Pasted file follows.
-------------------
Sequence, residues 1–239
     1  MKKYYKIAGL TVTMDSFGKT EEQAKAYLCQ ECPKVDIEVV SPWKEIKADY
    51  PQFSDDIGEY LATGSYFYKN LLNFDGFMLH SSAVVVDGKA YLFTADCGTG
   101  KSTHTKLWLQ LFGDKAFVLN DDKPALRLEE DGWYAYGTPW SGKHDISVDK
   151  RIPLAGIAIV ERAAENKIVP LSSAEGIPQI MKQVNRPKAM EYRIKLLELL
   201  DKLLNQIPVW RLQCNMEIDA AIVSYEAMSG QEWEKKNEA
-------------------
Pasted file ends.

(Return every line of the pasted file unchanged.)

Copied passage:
Sequence, residues 1–239
     1  MKKYYKIAGL TVTMDSFGKT EEQAKAYLCQ ECPKVDIEVV SPWKEIKADY
    51  PQFSDDIGEY LATGSYFYKN LLNFDGFMLH SSAVVVDGKA YLFTADCGTG
   101  KSTHTKLWLQ LFGDKAFVLN DDKPALRLEE DGWYAYGTPW SGKHDISVDK
   151  RIPLAGIAIV ERAAENKIVP LSSAEGIPQI MKQVNRPKAM EYRIKLLELL
   201  DKLLNQIPVW RLQCNMEIDA AIVSYEAMSG QEWEKKNEA